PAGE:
Most often, when we think of an eating disorder, we imagine someone who starves themselves. However, an eating disorder is actually any unhealthy relationship with food. Although, eating disorders usually fall into one of three categories. Below, we’ll explain these three categories and the symptoms someone might show if they are suffering from this particular disorder.

Anorexia Nervosa

This disorder is often characterised by extreme weight loss through dieting and excessive exercise. A person suffering from anorexia will feel that they are never “thin enough”. No matter how much they starve themselves, they continue to see themselves as “fat”.

Common Signs:

  • Dramatic weight loss
  • Using clothing to hide their rapid weight loss
  • Refusing to eat certain food (especially fatty or carb-heavy foods)
  • Avoiding eating in front of others
  • Making food for others, but refusing to take part
  • Excessive exercise
  • Criticising their weight
  • Stopping menstruating
  • Complaining about pain in their stomach, or constipation
  • Denial that a person can be “too thin”

People with anorexia are often very good at hiding their symptoms, so it can be difficult to know that there is a problem before it becomes extreme. If you’re worried that your loved one has anorexia, you should get them evaluated by a doctor immediately. If anorexia is treated, most patients regain the weight, and the health problems go away. However, if left untreated, anorexia can cause serious complications and even organ failure.

Bulimia Nervosa:

Bulimia is when a person eats a large amount of food in a short time (binging) and then vomits, use laxatives, fasts, or exercises excessively to negate the large food intake (purging).

Unlike anorexia, bulimic people are often a normal weight. However, they share that same fear of gaining weight and harsh views of their own body. They see themselves as “fat” and want to lose weight. They often feel embarrassed about their bulimic behaviours, and thus a good at hiding them.

Common Signs:

  • Evidence of binging (finding wrappers or containers, or finding large amount of food missing)
  • Evidence of purging (trips the bathroom after meals, sounds and smells of puking, packages of laxatives/diuretics)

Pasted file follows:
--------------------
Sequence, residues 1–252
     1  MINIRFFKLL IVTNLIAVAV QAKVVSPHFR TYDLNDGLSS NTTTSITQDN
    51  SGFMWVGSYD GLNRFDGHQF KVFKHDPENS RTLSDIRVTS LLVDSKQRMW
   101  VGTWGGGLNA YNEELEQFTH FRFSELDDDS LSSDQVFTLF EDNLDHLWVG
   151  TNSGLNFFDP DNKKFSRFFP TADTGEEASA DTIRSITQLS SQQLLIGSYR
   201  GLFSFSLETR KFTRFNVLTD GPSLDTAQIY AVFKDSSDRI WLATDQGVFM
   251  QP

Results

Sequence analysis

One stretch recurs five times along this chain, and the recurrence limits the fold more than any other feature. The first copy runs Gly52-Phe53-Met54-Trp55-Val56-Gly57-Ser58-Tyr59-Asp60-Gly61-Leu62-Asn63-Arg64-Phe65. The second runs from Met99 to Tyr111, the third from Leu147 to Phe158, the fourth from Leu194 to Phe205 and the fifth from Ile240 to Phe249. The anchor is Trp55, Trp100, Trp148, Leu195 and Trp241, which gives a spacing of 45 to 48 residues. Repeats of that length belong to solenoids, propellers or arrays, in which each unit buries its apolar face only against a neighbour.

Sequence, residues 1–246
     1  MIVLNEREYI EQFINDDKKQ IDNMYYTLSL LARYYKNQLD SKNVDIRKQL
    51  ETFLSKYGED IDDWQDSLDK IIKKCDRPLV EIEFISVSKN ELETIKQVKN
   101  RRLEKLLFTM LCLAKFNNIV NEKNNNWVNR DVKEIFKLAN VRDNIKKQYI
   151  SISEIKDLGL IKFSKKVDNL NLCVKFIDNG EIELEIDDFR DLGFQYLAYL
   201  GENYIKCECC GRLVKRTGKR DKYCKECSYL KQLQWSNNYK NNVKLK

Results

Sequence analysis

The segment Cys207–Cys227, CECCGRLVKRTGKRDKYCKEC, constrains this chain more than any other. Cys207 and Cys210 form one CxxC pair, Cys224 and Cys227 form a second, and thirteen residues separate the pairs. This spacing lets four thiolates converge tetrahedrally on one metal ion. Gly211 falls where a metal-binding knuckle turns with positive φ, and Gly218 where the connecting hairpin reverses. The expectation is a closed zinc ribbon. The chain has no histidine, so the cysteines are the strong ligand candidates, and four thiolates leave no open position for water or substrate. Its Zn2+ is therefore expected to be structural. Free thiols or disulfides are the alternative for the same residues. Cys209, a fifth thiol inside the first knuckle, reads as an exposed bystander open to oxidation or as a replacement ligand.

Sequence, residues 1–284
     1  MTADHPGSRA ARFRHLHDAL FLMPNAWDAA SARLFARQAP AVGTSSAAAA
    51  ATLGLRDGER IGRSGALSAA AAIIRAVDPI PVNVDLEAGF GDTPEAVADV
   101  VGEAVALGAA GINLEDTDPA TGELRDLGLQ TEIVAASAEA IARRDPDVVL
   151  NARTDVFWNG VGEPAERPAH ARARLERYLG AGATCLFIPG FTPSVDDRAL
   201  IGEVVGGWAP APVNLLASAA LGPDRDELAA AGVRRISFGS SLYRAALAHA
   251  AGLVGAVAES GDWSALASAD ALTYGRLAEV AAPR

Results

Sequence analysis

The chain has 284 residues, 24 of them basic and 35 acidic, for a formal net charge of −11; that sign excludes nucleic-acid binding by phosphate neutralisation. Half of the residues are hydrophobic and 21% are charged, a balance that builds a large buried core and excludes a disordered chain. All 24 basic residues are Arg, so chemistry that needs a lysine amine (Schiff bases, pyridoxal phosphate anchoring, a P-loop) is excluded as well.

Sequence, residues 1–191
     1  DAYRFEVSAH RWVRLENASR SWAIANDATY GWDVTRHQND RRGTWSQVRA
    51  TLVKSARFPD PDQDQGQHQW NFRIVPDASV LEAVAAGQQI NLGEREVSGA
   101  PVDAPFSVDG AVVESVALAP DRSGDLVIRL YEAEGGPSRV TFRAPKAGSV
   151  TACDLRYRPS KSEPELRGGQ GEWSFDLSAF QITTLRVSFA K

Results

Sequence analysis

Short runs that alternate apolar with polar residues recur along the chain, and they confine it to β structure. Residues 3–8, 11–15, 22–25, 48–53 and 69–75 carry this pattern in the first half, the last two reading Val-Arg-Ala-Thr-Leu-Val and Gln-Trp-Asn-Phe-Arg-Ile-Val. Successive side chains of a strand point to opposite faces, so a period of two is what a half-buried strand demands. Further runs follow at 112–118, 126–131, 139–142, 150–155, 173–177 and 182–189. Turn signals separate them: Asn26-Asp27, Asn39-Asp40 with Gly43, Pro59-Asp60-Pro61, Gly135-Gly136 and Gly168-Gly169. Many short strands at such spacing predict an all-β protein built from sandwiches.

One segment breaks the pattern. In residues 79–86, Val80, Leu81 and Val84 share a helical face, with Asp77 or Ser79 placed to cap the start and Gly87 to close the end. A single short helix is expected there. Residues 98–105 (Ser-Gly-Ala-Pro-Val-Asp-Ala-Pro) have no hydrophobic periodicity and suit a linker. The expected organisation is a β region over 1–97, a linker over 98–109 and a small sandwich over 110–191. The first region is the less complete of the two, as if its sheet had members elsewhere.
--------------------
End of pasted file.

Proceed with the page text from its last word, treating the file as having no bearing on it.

• Not eating, or not eating much, in front of others
  • Excessive exercise
  • Using clothing to hide the body
  • Being critical of their weight
  • Frequent/excessive use of mints or gum
  • Constant dieting
  • Scarring on knuckles from a repeated induction of vomiting

When left untreated, bulimia can cause several health complications. Untreated Bulimia can result in abnormal heart rhythms, esophageal bleeding due to excessive exposure to stomach acid, dental issues, as well as kidney problems. Bulimia is very treatable, and it is essential that you seek help if you are someone you love it struggling with it.

Binge Eating Disorder:

A person with a binge eating disorder isn’t constantly eating. Rather, they have episodes where they binge eat. Like with bulimia, they will often feel out of control during these episodes and feel shameful afterwards. This becomes a vicious cycle in where they feel bad because they eat, and so they eat more to feel better. Unlike bulimia, there isn’t a purging period and so people with a binge eating disorder are often overweight or obese.

Common Signs:

  • Evidence of binging (finding wrappers or containers, or finding large amount of food missing)
  • Hoarding food, or finding food hidden in strange places
  • Using clothing to hide the body
  • Avoiding eating in front of others
  • Constantly dieting, but not losing weight

Binge eating leads to obesity and therefore has some serious health risks. Behavioural weight reductions programs can be helpful in learning to control the urge to binge eat. Binge eating disorder often occurs concurrently with depression and so treatment for that will help with the binge eating disorder. As in all cases with an eating disorder, if you or your loved one is struggling, seek out help.

Recognising the signs of an eating disorder is only the first step to getting well. These disorders are very treatable and with the proper treatment and a lot of support the majority of people regain control of their eating habits and go on to lead healthy lives.